This is Jeff Bayer, and I don't update this site very often. If you'd like to listen to my current movie podcast you can find it at MovieBS.com.

Dark Shadows

Dark Shadows Directed by: Tim Burton Cast: Johnny Depp, Michelle Pfeiffer, Eva Green, Helena Bonham Carter, Chloë Grace Moretz Running Time: 1 hr 53 mins Rating: PG-13 Release Date: May 11, 2012

PLOT: Barnabas Collins (Depp) is a vampire set free in the '70s. Now he tries to return his family to power, while a witch (Green) has other plans.

WHO'S IT FOR? Fans who will turn a blind eye to "story" and just want to see Burton play around with Depp.


Burton and Depp make a good team in their own genre of  "odd, quirky entertainment." They've proved this with past works like Ed Wood and Edward Scissorhands. Lately they've managed to focus on the odd, and not the entertainment with Alice in Wonderland and Charlie and the Chocolate Factory. So, when it was announced that they were resurrecting the '70s vampire soap opera "Dark Shadows," part of me thought that sounded good, the other part ... odd.

We start with the serious. A scorned lover turns Barnabas Collins into a vampire, and then locks him up. You see, the lover is a witch named Angelique (Green). Angelique's motivation, as well as the entire beginning is quickly (and poorly) explained with a Depp voiceover.

Once Barnabas is thrust into the '70s, the serious gives way to Burton's off-beat creative whims. The cast of characters is colorful, with Helena Bonham Carter as Dr. Julia Hoffman, Jackie Earle Haley as Willie Loomis, and Chloë Grace Moretz as Carolyn Stoddard all giving quality performances. The star of course is Depp, as his vampire must deal with cars, hippies and trying to win the love of a woman. That part is absolutely fun, but there's plenty that doesn't flow. There's also the fact that Barnabas is clearly in love, yet he's also willing to sleep around. Plus, Depp is old(er). We know this. He's closing in on 50 years old. Yet the object of his affection, Victoria (Bella Heathcote) looks like she's 17.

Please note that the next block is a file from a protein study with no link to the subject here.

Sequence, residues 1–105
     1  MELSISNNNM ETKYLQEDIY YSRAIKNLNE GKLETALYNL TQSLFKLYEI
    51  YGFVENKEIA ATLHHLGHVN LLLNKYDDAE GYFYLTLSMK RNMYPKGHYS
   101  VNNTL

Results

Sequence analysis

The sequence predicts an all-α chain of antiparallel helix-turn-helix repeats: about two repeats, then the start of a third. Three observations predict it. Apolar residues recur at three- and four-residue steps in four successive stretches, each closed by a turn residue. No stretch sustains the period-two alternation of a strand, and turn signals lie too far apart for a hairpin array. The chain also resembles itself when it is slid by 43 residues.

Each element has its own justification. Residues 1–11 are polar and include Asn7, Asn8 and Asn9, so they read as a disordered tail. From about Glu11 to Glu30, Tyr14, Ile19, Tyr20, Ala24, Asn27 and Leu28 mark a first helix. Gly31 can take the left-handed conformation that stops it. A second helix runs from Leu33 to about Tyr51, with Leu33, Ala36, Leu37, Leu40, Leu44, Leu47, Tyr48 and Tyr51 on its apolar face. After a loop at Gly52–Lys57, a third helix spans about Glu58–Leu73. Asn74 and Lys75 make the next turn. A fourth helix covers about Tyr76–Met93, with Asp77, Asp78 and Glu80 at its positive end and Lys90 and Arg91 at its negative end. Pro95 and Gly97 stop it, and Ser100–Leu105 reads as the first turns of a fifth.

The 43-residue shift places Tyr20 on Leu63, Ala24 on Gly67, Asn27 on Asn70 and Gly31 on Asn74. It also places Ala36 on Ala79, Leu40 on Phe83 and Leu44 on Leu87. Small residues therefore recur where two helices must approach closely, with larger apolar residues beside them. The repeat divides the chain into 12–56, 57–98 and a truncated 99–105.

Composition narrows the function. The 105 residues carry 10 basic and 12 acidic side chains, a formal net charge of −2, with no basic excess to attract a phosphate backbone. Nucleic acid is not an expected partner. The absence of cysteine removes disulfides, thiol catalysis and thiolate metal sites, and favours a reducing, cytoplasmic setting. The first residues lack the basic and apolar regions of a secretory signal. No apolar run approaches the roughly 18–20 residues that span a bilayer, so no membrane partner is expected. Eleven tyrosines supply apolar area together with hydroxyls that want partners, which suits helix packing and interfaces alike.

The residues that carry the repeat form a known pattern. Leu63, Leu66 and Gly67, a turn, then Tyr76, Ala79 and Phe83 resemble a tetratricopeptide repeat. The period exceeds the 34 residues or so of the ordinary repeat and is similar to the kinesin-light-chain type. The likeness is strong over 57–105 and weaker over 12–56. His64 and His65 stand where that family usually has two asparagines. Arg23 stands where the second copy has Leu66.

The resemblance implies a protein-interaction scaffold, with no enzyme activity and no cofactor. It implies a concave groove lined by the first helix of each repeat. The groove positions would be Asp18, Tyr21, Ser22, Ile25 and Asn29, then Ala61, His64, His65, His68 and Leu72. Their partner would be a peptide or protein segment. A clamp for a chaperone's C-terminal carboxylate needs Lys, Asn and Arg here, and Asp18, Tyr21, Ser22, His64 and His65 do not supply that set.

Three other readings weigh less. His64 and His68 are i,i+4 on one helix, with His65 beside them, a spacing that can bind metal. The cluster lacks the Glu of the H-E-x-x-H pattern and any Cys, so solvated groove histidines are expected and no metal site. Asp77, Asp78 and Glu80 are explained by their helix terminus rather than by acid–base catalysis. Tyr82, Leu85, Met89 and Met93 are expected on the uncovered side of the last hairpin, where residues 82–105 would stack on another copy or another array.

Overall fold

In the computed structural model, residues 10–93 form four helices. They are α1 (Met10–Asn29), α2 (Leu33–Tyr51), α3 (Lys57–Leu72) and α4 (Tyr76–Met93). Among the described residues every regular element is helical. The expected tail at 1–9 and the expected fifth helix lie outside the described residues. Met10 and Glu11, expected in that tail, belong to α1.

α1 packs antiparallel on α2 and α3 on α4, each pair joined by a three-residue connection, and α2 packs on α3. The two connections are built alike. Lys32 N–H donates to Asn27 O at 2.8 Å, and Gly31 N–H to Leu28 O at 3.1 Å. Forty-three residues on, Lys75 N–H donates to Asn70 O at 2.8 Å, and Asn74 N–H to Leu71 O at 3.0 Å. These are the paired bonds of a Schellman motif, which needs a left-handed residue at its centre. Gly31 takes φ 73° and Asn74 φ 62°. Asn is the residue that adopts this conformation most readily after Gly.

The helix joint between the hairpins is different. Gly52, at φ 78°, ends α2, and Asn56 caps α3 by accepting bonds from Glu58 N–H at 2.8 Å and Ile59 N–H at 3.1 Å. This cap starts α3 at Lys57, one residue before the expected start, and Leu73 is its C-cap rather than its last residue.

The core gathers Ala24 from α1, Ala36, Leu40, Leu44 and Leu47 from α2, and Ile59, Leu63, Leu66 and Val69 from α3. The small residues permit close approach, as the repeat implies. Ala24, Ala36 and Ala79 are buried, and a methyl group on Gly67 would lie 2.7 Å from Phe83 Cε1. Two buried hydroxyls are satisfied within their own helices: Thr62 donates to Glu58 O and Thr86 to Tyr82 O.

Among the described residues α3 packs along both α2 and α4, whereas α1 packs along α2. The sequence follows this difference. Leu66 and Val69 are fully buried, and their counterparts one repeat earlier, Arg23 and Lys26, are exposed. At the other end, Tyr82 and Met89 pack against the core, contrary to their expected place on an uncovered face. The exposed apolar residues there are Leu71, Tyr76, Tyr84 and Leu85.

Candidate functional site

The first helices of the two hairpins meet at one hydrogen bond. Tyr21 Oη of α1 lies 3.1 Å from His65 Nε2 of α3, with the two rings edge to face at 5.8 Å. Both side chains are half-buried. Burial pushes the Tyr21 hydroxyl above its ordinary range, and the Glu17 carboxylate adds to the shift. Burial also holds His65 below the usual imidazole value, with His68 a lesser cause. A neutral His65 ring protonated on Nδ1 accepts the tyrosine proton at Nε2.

Barnabas kills, and it doesn't really matter. Ghosts exist, disappear for huge chunks of time, and it doesn't really matter. Even a werewolf pops up, and it doesn't really matter. The biggest "doesn't really matter" of them all is the fishing hook in this film. Angelique is a witch who spends the majority of her time building up a fishing empire. Then, when Barnabas builds up a competing business, Angelique yells at her corporate board. I guess she forgot she could magically destroy just about anything in town. I don't want to even talk about sunlight only burning Barnabas part of the time.

Pfeiffer doesn't have one truly memorable moment. There's a section where we're told the young David Collins (Gulliver McGrath) is really warming up to Barnabas, yet we having seen the two of them talk in at least 30 minutes. Christopher Lee is given one scene with no meat on it.

Dark Shadows seems like a reason for Burton to play in a comfortable surrounding, with characters we've seen before. It also seems he was dying to make a film set in the '70s (focusing a lot on the music of the time) and this was the best excuse/subject he could find. The problem is the film just doesn't flow. It feels like an eight-episode TV show, edited together to make a two-hour film.

Burton and Depp are at it again. What "it" means now seems to be the film will look cool, Depp will have some moments, but overall, you won't feel totally satisfied.


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Dark Shadows